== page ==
Man jailed for forging CAAS permit to allow colleagues to enter HDB worksite and fly drone
SINGAPORE: An employee at a company hired to use drones to inspect new HDB blocks at Bidadari estate forged a permit to allow his colleagues to enter the worksite on a date that was not approved by authorities.
For one count of forgery for the purposes of cheating, 28-year-old China national Tan Zhiping was jailed for eight weeks on Wednesday (Sep 16).
The court heard that Tan was a software engineer with HD Contractor, a subsidiary of a company that had another arm called MIRS Innovate, dealing with drone operations.
MIRS Innovate received a contract from the Housing Development Board (HDB) to conduct inspections for defects on the exterior of new HDB blocks at Bidadari estate, using drones.
In granting the permit, the Civil Aviation Authority of Singapore (CAAS) informed MIRS Innovate that entry and drone-flying were allowed only on specific dates in August last year.
CAAS considered that activities involving unmanned aerial activities might pose a danger to the military operations of the Republic of Singapore Air Force, as Bidadari estate was located within 5km of Paya Lebar Airbase.
The authority had stressed to Tan, who received the email, that the permit was granted subject to strict compliance with accompanying conditions.
In August last year, Tan's colleague asked for a copy of the permit, saying he would be heading to Bidadari estate with other colleagues for a drone flight test for an inspection assignment.
Tan altered the dates on the permit to include Aug 23 and Aug 27, so that his colleagues could present the forged document to security and be allowed entry.
Tan gave his colleague the forged permit on the morning of Aug 27, telling him he could use the permit to enter but not to fly drones.
His colleague did not understand what Tan meant and did not know that the permit had been altered. Using the permit, he and two colleagues gained entry to Bidadari estate and used a drone to take photos and videos.
A police officer from a nearby Gurkha contingent saw the drone and alerted the authorities.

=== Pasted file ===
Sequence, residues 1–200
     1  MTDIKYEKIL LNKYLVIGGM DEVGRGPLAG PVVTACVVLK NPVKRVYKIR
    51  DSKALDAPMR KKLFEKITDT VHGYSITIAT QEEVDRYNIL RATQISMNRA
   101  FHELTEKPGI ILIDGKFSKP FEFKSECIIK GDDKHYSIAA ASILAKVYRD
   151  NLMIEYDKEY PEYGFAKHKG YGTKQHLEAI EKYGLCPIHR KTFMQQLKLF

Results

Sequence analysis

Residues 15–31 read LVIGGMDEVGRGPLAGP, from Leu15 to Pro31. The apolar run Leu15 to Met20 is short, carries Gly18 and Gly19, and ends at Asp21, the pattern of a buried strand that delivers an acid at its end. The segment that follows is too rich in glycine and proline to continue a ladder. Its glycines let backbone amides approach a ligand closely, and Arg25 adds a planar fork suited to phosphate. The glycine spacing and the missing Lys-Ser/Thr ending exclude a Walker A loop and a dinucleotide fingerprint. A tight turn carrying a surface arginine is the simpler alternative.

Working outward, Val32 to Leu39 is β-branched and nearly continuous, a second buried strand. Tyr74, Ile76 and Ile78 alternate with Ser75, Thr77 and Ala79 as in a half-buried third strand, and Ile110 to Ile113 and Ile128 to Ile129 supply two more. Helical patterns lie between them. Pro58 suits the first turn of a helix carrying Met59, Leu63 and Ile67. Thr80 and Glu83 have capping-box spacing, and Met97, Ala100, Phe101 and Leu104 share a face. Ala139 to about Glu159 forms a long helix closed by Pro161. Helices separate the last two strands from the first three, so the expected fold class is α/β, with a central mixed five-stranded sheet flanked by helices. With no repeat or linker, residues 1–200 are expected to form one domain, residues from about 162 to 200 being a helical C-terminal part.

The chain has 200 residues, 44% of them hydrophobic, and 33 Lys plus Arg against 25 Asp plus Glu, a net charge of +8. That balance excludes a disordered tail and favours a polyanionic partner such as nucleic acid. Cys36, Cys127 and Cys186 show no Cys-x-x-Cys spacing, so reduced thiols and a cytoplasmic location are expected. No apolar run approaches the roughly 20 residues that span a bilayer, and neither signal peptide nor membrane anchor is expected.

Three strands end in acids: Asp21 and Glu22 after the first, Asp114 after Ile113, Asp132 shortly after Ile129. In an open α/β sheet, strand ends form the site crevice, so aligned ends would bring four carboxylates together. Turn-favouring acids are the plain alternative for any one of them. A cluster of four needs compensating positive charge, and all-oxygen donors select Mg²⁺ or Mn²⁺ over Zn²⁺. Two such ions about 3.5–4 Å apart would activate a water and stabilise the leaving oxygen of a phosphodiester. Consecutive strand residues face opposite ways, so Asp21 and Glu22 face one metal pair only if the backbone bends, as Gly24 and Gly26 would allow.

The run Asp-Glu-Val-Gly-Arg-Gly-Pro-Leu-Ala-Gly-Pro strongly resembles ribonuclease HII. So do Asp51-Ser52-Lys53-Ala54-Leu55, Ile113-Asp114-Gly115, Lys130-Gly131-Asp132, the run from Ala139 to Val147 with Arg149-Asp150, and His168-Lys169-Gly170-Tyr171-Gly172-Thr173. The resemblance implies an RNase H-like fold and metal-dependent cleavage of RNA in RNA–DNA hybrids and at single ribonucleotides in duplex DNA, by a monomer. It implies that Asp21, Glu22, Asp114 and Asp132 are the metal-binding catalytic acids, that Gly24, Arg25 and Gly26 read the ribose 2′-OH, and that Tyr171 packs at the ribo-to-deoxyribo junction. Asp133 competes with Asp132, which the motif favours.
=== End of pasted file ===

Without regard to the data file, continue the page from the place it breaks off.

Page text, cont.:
SUCH OFFENCES ARE SERIOUS: PROSECUTOR
The prosecutor called for at least eight weeks' jail, saying that even though there was no fiscal motive or loss, Tan had "essentially allowed for the unauthorised flying of a drone".
"Parliament has stated in the context of the offences under the Air Navigation Order ... that such offences are serious, as they pose consequences to aircraft safety and have an impact on Singapore as an aviation hub," said Deputy Public Prosecutor Chong Kee En.
He added that there was "a real danger that arose to military security concerns", as the specific dates of approval for the genuine permit might have included timings of both the RSAF's military operations and the Gurkha contingent's.
Defence lawyer Chung Ting Fai asked for the lightest possible prison term, saying that Tan had been working overtime the night before the incident when his colleague approached him for the document.
"When he amended the pass for his colleagues, he did not realise the gravity of his offence," said Mr Chung, adding that Tan had pleaded guilty early.
Tan's employers were later censured by CAAS and had the project terminated prematurely, with no further work awarded to the company, said the lawyer.
Despite this, Tan maintained his working position in the company, which still finds his performance satisfactory and is prepared to give a good testimony of Tan, said Mr Chung.
"This speaks volumes of the conduct and the performance of the accused in the company," he added.
Tan is the main breadwinner of his family and "has been fond of Singapore" during his almost two years here, and did not benefit financially from the crime, said Mr Chung.
For forging a document for the purpose of cheating, Tan could have been jailed for up to 10 years and fined.